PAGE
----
Year after year the snow kept piling up in the north until it got so heavy that it compressed itself into ice underneath. Finally, with the help of gravity, the ice began to move under the weight. In summer warm weather sometimes caused the southbound ice sheet to stop temporarily, or even to retreat a little, but only to move on again as winter returned.
In North America the last time the ice came down, leveling hills and mountains and scooping out the Great Lakes, the ice reached from the state of Washington all the way across the continent to Long Island and New Jersey, bulging in the middle to a point just below the southern tip of Indiana. It covered Europe to the south of England.
That was only about eighteen thousand years ago-only yesterday as geologic times goes.
With so much of the earth's water tied up in ice, the sea lay some three hundred feet lower than it does today. Land connected Alaska and Siberia, now separated by the Bering Sea. There were other such land bridges about the globe, long since covered with water.
Then all at once the climate reversed itself. It stopped getting colder and instead began to get warmer. Each summer the ice retreated just a little more than it advanced in winter. About 8,000 years ago, the ice was gone from Europe, and 5,000 years ago from the North American continent. The last great ice age was over.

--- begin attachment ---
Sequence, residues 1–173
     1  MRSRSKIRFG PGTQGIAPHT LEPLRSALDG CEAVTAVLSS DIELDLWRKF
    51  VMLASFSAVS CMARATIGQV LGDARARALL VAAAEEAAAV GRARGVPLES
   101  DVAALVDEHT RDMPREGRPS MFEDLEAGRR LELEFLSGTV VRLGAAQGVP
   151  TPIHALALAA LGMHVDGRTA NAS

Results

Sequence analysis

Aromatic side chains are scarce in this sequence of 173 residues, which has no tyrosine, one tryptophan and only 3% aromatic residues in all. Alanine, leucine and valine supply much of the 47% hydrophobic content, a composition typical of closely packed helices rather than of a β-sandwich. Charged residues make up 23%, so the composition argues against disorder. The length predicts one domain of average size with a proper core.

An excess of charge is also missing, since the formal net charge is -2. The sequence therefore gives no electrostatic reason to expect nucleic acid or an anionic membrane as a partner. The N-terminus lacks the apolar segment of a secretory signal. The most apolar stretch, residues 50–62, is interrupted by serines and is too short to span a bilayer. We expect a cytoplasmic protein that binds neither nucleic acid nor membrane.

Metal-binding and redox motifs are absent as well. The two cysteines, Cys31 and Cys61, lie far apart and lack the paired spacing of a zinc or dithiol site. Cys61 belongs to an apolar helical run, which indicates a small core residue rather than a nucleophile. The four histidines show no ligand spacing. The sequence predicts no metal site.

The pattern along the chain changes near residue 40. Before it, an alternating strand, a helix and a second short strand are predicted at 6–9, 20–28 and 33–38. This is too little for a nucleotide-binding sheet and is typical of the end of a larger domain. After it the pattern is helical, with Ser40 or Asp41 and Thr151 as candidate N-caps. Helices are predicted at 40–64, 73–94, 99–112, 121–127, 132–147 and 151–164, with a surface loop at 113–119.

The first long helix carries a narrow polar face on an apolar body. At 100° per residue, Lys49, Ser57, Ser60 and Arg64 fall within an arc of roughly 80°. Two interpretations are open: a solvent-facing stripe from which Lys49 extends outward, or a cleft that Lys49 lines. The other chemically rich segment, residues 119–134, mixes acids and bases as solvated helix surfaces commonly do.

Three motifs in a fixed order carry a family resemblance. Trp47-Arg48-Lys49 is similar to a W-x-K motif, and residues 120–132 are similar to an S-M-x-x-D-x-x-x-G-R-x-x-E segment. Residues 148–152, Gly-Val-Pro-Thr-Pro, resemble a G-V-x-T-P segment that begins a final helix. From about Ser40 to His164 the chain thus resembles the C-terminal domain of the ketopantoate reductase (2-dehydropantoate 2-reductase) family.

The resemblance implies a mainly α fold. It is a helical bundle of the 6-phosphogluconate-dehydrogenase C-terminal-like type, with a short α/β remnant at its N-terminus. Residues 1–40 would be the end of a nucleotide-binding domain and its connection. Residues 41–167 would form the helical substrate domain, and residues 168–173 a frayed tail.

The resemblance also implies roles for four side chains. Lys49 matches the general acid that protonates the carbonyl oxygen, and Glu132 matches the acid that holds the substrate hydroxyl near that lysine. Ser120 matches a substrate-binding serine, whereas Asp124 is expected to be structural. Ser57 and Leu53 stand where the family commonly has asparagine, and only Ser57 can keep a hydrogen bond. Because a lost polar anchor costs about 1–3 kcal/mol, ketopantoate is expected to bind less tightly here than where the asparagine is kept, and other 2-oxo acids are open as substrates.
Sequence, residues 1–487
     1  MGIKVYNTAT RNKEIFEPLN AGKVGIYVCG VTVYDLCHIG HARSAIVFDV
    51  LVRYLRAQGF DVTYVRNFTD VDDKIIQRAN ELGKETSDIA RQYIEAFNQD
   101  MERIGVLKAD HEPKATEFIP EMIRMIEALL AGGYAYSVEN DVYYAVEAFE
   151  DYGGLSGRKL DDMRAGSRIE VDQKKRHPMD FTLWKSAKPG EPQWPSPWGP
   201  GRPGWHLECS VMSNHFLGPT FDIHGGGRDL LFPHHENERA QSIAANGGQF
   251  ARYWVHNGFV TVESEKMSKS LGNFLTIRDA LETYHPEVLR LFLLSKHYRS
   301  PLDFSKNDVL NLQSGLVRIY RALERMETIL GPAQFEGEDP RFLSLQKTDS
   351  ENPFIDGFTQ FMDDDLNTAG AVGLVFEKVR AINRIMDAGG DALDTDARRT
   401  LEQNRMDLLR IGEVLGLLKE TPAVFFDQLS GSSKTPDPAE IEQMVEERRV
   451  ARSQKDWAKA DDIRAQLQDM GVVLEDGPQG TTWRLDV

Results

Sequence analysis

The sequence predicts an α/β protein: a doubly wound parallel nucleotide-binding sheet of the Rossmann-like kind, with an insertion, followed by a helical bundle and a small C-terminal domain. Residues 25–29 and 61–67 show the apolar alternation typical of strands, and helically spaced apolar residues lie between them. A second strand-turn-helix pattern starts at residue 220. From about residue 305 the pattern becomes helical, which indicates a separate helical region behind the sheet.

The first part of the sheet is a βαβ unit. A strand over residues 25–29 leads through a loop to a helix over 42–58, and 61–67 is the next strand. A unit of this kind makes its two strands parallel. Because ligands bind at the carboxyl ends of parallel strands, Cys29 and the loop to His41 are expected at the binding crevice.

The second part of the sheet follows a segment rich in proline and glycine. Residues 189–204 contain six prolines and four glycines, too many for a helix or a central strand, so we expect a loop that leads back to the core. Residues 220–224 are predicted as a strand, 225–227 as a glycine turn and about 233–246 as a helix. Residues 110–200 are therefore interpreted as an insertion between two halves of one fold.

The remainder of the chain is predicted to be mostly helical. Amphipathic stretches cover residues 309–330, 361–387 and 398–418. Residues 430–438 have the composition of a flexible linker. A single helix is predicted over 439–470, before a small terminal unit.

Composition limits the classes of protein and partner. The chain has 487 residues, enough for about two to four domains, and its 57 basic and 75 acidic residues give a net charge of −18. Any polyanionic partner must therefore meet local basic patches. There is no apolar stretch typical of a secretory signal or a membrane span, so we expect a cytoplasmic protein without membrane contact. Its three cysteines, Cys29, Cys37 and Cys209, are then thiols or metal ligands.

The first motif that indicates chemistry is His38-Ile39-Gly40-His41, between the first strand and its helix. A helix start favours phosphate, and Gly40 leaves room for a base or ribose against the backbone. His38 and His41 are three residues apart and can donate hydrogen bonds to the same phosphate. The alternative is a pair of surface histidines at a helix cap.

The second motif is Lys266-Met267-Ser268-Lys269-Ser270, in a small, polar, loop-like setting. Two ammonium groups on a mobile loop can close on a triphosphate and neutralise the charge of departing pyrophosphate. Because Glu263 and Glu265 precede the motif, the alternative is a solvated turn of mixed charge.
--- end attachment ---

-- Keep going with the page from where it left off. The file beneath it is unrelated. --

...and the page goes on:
The evidence from the sea and soil shows that these major climate cycles lasted roughly 100,000 years, getting colder for the first half of that time, warmer for the second half. But within these great cycles were strong subcycles, averaging 20,000 years. For 10,000 years there was cooling, when the forests gave way to badlands and animal life changed; then 10,000 years of warning, when the forests returned and animal life changed yet again.
With the climate always changing-for reasons still gen- erally unknown-no part of the earth has stayed the same. All the cold places have been warm, the warm places cold. The dry areas have been wet, the wet regions dry-over and over again.
This, then, is the climate-the grand design of the condi- tions that make our earth an oasis in the desert of solar space. Man accepts the climate.
The weather is something else.